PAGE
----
KY-023 Joystick module (XY-Axis)

Technical data / Short description

X and Y positions of the joystick can be measured as an analog voltage at the output pin.

In this joystick, the x-axis and the y-axis have their own potentiometer. Together, they build a voltage devider like the one in the next picture.

 In the non-operating mode, the potentiometer is in the middle so that resistor1=resistor2, so that the voltage will equally split to both resistors - e.g. Measurement of +V=5V -> 2,5V. If one of the axis changes, like the x-axis for example, the values of the resistors will change - e.g. value of resistor 1 will raise than the value of resistor 2 will fall or the value of resistor 1 will fall and the value of resistor 2 will raise. According to the division of the resistor values, you can measure a specific voltage value between the resistors and locate the position of the axis.

Code example Arduino

This program measures the value at the input pins, converts them into a voltage value (0-1023 -> 0V-5V) and prints these at the serial ouput.

```// Declaration and initialization of the input pin
int JoyStick_X = A0; // X-axis-signal
int JoyStick_Y = A1; // Y-axis-signal
int Button = 3;

void setup ()
{
pinMode (JoyStick_X, INPUT);
pinMode (JoyStick_Y, INPUT);
pinMode (Button, INPUT);

// pushing the button leads to
// power up the pullup-resistor
digitalWrite(Button, HIGH);

Serial.begin (9600); // serial output with 9600 bps
}

// The program reads the current values of the input pins
// and outputs them at the serial output
void loop ()
{
float x, y;
int Knopf;

// Current values will be read and converted to the right voltage
x = analogRead (JoyStick_X) * (5.0 / 1023.0);
y = analogRead (JoyStick_Y) * (5.0 / 1023.0);

//... and outputted here
Serial.print ("X-axis:"); Serial.print (x, 4);  Serial.print ("V, ");
Serial.print ("Y-axis:"); Serial.print (y, 4);  Serial.print ("V, ");
Serial.print ("Button:");

if(Knopf==1)
{
Serial.println ("not pushed");
}
else
{
Serial.println ("pushed");
}
delay (200);
}
```

Connections Arduino:

 Button = [Pin 3] Y-Position = [Pin A1] X-Position = [Pin A0] Sensor +V = [Pin 5V] Sensor GND = [Pin GND]

Code example Raspberry Pi

!! Attention !! Analog Sensor  !! Attention !!

Unlike the Arduino, the Raspberry Pi doesn't provide an ADC (Analog Digital Converter) on its Chip. This limits the Raspbery Pi if you want to use a non digital Sensor.

To evade this, use our Sensorkit X40 with the KY-053 module, which provides a 16 Bit ADC, which can be used with the Raspberry Pi, to upgrade it with 4 additional analog input pins. This module is connected via I2C to the Raspberry Pi.
It measures the analog data and converts it into a digital signal which is suitable for the Raspberry Pi.

So we recommend to use the KY-053 ADC if you want to use analog sensors along with the Raspberry Pi.

!! Attention !! Analog Sensor  !! Attention !!

The program reads the current values of the input pins and prints them to the terminal.

```#############################################################################################################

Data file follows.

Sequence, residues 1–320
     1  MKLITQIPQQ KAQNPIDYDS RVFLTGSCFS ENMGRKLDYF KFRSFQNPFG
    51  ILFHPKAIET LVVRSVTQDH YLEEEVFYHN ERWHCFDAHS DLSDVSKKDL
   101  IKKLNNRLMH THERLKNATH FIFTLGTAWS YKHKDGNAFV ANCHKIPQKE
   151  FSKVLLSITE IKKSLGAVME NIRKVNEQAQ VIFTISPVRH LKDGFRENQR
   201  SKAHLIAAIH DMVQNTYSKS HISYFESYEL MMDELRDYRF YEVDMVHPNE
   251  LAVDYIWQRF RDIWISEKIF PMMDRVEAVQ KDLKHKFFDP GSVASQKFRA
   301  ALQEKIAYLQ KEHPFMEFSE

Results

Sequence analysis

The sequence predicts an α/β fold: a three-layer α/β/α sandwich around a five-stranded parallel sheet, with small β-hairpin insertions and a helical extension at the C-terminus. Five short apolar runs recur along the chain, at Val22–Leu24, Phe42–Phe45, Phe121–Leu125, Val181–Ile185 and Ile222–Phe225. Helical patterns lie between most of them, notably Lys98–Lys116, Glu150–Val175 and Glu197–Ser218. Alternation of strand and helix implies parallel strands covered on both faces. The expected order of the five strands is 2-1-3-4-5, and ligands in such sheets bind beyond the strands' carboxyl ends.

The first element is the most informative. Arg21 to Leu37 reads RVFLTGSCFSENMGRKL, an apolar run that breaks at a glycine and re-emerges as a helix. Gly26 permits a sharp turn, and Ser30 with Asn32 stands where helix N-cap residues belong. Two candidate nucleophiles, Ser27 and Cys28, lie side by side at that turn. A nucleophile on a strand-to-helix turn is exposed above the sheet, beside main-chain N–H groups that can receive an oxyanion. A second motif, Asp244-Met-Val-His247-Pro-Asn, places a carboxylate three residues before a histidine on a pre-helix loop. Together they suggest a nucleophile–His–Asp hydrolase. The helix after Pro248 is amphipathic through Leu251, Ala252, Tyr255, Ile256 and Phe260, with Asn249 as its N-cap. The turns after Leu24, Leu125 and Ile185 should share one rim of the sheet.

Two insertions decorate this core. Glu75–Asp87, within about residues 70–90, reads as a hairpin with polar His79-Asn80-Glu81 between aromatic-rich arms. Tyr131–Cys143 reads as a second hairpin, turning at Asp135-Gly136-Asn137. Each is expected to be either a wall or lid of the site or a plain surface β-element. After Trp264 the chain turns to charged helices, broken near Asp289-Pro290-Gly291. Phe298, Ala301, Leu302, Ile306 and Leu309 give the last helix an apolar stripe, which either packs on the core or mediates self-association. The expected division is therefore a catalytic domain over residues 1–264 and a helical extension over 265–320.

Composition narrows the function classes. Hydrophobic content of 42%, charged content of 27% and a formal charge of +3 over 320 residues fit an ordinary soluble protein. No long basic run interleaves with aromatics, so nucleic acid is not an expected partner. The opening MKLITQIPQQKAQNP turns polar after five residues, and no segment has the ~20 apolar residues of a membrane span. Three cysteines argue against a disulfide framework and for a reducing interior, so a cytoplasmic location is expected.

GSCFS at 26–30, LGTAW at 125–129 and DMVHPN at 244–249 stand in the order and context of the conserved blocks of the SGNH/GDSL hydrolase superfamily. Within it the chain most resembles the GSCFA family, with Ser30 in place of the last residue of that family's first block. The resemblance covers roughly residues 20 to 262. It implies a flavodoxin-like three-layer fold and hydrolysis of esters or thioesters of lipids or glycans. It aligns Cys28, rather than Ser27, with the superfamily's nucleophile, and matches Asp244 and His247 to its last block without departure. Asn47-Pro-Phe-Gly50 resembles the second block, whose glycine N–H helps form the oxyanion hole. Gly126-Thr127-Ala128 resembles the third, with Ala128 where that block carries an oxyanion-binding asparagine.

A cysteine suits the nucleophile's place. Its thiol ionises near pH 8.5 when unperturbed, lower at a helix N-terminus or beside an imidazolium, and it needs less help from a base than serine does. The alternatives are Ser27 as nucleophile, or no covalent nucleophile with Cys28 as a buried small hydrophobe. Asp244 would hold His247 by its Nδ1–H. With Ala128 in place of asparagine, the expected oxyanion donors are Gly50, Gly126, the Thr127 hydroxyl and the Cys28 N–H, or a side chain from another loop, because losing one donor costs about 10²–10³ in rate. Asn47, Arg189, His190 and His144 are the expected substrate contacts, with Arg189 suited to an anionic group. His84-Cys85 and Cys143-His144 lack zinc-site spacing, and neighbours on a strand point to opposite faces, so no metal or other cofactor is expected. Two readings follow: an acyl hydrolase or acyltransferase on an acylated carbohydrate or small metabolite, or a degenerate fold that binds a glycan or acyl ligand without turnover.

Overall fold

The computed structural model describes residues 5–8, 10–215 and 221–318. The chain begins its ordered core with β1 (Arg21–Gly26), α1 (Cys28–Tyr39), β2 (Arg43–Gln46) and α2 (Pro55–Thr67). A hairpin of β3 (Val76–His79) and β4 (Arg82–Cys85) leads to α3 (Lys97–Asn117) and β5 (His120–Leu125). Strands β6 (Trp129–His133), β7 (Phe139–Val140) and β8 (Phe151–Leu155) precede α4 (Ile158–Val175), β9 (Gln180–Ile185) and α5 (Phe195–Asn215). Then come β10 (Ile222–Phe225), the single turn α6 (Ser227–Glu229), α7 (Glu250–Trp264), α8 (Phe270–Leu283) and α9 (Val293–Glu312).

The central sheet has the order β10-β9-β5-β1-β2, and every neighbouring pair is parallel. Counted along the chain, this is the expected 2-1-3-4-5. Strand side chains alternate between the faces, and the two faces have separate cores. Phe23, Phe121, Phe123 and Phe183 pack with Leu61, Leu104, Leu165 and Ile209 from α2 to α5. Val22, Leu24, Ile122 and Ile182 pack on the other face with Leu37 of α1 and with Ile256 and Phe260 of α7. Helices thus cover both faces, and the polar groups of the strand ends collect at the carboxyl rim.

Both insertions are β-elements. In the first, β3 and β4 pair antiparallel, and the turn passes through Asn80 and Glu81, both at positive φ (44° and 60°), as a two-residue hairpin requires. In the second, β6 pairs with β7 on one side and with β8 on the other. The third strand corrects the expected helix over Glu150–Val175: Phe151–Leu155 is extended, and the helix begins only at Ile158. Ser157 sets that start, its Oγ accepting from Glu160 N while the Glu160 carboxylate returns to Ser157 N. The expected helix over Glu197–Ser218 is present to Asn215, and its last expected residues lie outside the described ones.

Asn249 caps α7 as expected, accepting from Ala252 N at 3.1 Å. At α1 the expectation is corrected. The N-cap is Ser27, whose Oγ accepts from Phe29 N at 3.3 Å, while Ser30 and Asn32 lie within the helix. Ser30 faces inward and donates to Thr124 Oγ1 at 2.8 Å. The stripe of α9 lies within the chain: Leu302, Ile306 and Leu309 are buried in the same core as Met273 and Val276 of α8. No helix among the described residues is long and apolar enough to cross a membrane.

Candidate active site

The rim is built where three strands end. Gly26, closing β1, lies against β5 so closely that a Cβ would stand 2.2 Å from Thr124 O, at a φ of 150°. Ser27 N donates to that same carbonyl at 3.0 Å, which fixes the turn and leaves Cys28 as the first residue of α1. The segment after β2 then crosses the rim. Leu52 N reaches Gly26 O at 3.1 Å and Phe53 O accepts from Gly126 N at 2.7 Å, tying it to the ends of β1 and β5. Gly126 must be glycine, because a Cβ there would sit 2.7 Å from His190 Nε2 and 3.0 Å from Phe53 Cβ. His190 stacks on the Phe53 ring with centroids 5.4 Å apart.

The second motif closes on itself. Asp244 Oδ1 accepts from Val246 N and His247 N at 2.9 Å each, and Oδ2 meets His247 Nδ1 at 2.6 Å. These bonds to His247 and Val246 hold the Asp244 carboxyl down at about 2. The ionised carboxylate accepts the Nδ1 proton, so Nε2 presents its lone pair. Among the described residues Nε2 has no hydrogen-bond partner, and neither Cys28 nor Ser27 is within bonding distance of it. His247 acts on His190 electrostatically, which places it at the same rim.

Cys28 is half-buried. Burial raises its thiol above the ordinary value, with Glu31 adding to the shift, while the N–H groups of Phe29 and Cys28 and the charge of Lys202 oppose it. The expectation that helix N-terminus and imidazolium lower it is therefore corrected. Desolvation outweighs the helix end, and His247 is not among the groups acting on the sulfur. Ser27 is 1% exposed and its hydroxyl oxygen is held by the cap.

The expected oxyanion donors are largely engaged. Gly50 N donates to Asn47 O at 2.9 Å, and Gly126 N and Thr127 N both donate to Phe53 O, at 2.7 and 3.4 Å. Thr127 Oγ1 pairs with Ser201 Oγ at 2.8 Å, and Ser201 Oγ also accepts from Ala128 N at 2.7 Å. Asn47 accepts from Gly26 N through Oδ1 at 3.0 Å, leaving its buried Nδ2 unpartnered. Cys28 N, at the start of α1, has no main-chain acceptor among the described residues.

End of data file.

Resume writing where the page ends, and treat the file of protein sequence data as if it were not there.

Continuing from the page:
### Commercial use only after permission is requested and granted
###
### KY-053 Analog Digital Converter - Raspberry Pi Python Code Example
###
#############################################################################################################

# This code is using the ADS1115 and the I2C Python Library for Raspberry Pi
# This was published on the following link under the BSD license
from time import sleep

# import needed modules
import time, signal, sys, os
import RPi.GPIO as GPIO
GPIO.setmode(GPIO.BCM)
GPIO.setwarnings(False)

# initialise variables
delayTime = 0.5 # in Sekunden

# choosing the amplifing gain
gain = 4096  # +/- 4.096V
# gain = 2048  # +/- 2.048V
# gain = 1024  # +/- 1.024V
# gain = 512   # +/- 0.512V
# gain = 256   # +/- 0.256V

# choosing the sampling rate
# sps = 8    # 8 Samples per second
# sps = 16   # 16 Samples per second
# sps = 32   # 32 Samples per second
sps = 64   # 64 Samples per second
# sps = 128  # 128 Samples per second
# sps = 250  # 250 Samples per second
# sps = 475  # 475 Samples per second
# sps = 860  # 860 Samples per second

adc_channel_0 = 0    # Channel 0
adc_channel_1 = 1    # Channel 1
adc_channel_2 = 2    # Channel 2
adc_channel_3 = 3    # Channel 3

Button_PIN = 24
GPIO.setup(Button_PIN, GPIO.IN, pull_up_down = GPIO.PUD_UP)

#############################################################################################################

# ########
# main program loop
# ########
# The program reads the current values of the input pins
# and outputs the values at the terminal

try:
while True:
# Current values will be recorded

# Output at the terminal
if GPIO.input(Button_PIN) == True:
print "X-axis:", x,"mV, ","Y-axis:", y,"mV, Button: not pushed"
else:
print "X-axis:", x, "mV, ", "Y-axis:", y, "mV, Button: pushed"
print "---------------------------------------"

# Reset + Delay
button_pressed = False
time.sleep(delayTime)

except KeyboardInterrupt:
GPIO.cleanup()
```

Connections Raspberry Pi:

Sensor KY-023

 Button = GPIO24 [Pin 18 (RPi)] Y-position = Analog 1 [Pin A1 (ADS1115 - KY-053)] X-position = Analog 0 [Pin A0 (ADS1115 - KY-053)] +V = 3,3V [Pin 1 (RPi)] GND = GND [Pin 6 (RPi)]

```sudo python KY-023_Joystick_RPi.py